Senators Introduce Bill to Expand Access to Medical Green Cards
Preston Huennekens | FAIR Take | May 2020
Senators Dick Durbin (D-Ill.), Todd Young (R-Ind.), David Perdue (R-Ga.), and Chris Coons (D-Del.) introduced a bill that would allocate about 40,000 unused green cards to foreign medical professionals and doctors, supposedly in an effort to fight the coronavirus. The Senators’ press release claims that the Healthcare Worker Resilience Act (HWRA) will “provide a temporary stopgap to quickly address our nation’s shortage of doctors and nurses, which poses a significant risk to our ability to effectively respond to the COVID-19 crisis.”
The bill’s intentions are noble. Parts of the United States face shortages of healthcare workers, even aside from the coronavirus pandemic. The HWRA attempts to address that by taking 40,000 unused green cards from previous years and awarding them only to healthcare workers. Specifically, these visas would go to 15,000 doctors and 25,000 nurses. The bill allows the 40,000 frontline medical workers to bring their family members as well. It is important to note that these workers and their families will receive green cards and a pathway to citizenship outside of the normal process.
The Senators are confident that their bill will gain traction in the upper house. Bruce Morrison, a lobbyist with the American Hospital Association, even said that “this is not a change that the so-called restrictionists may be concerned about.” Yet the remedy that the Senators and Morrison propose has a number of flaws. David North with the Center for Immigration Studies (CIS) addressed some of those in a recent blog post:
The aliens admitted under the proposed legislation would get full immigrant status immediately even though they are not expected to apply until later this year; they would be admitted without regard to the nation-of-origin ceilings and would arrive ahead of an equal number of aliens who are patiently waiting for such visas for years, if not decades.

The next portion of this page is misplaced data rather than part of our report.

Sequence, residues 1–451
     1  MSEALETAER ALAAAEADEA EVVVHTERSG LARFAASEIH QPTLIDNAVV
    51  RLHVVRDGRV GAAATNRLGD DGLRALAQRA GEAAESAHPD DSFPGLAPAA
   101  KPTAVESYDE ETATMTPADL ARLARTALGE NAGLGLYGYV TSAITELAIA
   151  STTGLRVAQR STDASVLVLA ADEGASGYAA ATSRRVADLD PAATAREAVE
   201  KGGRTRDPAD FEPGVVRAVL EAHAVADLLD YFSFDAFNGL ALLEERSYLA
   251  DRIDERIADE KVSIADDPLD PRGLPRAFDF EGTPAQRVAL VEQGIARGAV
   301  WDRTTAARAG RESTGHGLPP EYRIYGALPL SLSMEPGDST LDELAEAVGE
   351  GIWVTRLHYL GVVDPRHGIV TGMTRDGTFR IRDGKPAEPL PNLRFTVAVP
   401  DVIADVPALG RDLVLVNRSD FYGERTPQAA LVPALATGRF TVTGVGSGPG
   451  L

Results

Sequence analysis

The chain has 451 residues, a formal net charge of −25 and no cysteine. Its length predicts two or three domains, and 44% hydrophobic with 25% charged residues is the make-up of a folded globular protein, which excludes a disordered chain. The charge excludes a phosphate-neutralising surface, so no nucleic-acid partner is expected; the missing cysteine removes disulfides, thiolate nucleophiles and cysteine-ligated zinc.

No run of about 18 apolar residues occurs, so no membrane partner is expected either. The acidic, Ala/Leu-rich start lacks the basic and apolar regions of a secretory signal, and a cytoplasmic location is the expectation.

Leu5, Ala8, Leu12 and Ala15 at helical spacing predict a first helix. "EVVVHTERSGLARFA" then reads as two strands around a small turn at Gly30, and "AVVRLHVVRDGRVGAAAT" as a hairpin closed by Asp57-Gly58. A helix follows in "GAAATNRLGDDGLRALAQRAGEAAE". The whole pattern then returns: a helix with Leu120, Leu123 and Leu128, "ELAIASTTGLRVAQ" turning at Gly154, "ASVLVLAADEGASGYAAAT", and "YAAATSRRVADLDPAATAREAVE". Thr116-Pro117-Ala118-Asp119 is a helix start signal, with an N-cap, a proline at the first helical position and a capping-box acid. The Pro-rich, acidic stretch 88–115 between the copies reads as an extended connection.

We may have a temporary need for a few more medical workers for the remaining months of this crisis, but if we do, why bring in people on a permanent basis to fill a temporary need?
North is not alone in his criticism of this bill. Nolan Rappaport, a former immigration law expert detailed to the House Judiciary Committee, wrote in the Hill that better alternatives exist. He proposes bringing nurses and doctors over on temporary nonimmigrant visas, allowing foreign doctors and nurses to work in the United States during this crisis without giving them full citizenship afterwards and bypassing the normal naturalization process. He writes,
We need doctors and nurses to care for hospitalized COVID-19 patients. The simplest solution would be to create a national emergency nonimmigrant visa category that would admit foreign doctors and nurses without numerical limits to work at American hospitals taking care of COVID-19 patients. This program also could be made available to doctors and nurses who are here on a restricted temporary visa. This would provide direct, immediate assistance for our hospitals that are caring for COVID -19 patients. HWRA would do neither.
The coronavirus pandemic continues to create unique situations that demand extraordinary action. This bipartisan bill comes with good intentions but may not remedy the situation at hand. Rappaport argues that this bill does not even require the benefitting doctors and staff to actually treat COVID-19 patients. That is, they could benefit from this bill and then go into a completely different medical field. That is wrong. Further, it could take months or years for doctors to arrive in the U.S. and begin working under this bill. The crisis could well be over by that point.
Immigration law history contains countless examples of well-intended policy creating unintended consequences. This bill is no different.